By all signs, the future was very bright for Douglas Joy in the summer of 1881. At age 27, he was a physician in the Department of Medicine and Surgery at U-M and working alongside doctors who had been his professors. By June 1882, Douglas Joy was fighting for his job and, more important, his reputation. 

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  5. October 31, 2022 You may never have heard of the Michigan law professor who was baked to a crisp in the oven of the Lawyers Club kitchen. Or the English professor presumed dead when his face suddenly went missing. If not, then you’ve missed out on the shelfload of not-so-cozy mystery novels set in a fictionalized University of Michigan.

    Mysteries at Michigan

    You may never have heard of the Michigan law professor who was baked to a crisp in the oven of the Lawyers Club kitchen. Or the English professor presumed dead when his face suddenly went missing. If not, then you’ve missed out on the shelfload of not-so-cozy mystery novels set in a fictionalized University of Michigan.

    Read a summary of this story
  6. October 24, 2022 Three years after accepting the Heisman Trophy as the best college football player in the land, Tom Harmon and his his World War II fighter were shot down. A dogfight with Japanese pilots had exploded the plane’s fuel line and he was being burned alive from the legs up. He needed to eject or he would die.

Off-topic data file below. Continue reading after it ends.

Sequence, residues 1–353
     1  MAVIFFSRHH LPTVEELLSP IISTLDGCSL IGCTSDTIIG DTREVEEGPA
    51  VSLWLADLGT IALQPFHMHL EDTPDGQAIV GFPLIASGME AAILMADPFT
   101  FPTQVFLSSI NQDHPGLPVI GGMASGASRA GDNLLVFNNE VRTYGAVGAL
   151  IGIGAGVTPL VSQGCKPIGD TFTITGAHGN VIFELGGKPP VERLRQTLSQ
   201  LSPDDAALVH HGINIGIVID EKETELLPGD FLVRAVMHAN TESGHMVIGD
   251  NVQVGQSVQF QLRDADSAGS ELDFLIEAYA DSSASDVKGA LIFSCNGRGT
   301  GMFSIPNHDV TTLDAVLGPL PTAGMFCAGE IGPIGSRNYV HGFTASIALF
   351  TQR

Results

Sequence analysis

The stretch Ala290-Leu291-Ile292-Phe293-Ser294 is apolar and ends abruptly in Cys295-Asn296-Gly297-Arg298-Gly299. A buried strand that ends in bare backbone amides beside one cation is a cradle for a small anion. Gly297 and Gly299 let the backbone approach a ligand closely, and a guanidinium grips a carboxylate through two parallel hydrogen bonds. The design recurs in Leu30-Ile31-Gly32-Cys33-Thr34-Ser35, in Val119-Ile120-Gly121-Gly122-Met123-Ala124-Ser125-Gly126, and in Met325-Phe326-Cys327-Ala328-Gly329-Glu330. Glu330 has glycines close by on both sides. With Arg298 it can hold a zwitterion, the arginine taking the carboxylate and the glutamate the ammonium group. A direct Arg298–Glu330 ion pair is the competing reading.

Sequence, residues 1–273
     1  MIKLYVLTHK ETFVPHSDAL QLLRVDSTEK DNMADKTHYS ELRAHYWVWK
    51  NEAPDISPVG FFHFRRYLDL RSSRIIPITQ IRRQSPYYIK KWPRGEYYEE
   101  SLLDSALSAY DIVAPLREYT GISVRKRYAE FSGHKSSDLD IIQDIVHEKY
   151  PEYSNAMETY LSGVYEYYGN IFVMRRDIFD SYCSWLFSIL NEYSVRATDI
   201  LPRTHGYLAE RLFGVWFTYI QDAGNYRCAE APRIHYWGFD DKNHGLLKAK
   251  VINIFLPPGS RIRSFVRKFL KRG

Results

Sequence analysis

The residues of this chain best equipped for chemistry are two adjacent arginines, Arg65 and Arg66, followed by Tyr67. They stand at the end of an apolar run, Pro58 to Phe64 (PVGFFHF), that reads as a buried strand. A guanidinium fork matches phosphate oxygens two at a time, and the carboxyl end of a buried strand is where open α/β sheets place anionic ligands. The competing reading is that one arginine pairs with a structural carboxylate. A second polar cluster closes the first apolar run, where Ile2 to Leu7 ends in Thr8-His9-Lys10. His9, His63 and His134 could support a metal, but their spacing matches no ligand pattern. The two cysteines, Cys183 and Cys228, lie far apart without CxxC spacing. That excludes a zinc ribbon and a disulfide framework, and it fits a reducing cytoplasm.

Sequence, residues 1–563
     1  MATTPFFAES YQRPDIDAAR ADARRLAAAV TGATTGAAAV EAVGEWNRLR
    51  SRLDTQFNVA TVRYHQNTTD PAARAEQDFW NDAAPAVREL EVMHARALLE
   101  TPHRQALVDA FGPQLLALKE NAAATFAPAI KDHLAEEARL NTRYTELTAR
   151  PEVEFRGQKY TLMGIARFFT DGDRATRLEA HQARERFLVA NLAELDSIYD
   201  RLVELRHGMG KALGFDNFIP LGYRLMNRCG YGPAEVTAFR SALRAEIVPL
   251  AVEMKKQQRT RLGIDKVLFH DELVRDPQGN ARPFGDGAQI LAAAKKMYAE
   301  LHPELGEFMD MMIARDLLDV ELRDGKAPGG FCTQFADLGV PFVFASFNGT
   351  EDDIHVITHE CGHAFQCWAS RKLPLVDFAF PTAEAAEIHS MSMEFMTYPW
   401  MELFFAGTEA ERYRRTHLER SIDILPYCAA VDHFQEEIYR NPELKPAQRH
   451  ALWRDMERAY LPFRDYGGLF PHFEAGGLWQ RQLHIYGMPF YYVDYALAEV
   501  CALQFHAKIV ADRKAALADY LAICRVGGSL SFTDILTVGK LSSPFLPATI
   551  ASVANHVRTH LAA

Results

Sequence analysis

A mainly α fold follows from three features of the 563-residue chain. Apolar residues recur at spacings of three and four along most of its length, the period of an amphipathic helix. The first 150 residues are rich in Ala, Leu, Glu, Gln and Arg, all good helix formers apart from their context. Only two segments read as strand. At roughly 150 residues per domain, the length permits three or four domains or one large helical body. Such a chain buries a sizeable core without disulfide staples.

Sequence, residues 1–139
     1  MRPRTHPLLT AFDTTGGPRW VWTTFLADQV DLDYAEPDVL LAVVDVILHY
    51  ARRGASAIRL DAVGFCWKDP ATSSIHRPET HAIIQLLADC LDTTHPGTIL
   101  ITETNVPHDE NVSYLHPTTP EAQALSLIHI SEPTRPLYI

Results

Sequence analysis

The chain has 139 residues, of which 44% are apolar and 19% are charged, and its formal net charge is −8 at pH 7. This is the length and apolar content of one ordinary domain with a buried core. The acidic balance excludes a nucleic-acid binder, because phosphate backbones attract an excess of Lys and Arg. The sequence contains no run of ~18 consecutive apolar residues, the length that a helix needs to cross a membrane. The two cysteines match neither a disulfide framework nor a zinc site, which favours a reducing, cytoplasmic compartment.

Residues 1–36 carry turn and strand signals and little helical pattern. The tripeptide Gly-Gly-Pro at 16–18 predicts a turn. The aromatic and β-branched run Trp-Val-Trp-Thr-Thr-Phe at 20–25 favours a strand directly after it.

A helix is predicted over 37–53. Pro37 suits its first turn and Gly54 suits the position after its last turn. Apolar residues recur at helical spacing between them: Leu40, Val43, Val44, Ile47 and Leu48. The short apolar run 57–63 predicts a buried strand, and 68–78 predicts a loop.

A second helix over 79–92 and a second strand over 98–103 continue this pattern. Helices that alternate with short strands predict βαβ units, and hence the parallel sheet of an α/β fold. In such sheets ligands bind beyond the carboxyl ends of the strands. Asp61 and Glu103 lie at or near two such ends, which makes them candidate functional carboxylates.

Tom Harmon is missing

    Three years after accepting the Heisman Trophy as the best college football player in the land, Tom Harmon and his his World War II fighter were shot down. A dogfight with Japanese pilots had exploded the plane’s fuel line and he was being burned alive from the legs up. He needed to eject or he would die.

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  7. October 17, 2022 Every alumnus carries a cherished memory of Michigan — then returns in 20 years and realizes that “my Michigan” is hard to find among the new construction of someone else’s Michigan. Those old Michigans – the Cat Hole, the Boulevard, Sleepy Hollow, and more – make up what we might call the Lost Campus.

    Lost campus

    Every alumnus carries a cherished memory of Michigan — then returns in 20 years and realizes that “my Michigan” is hard to find among the new construction of someone else’s Michigan. Those old Michigans – the Cat Hole, the Boulevard, Sleepy Hollow, and more – make up what we might call the Lost Campus.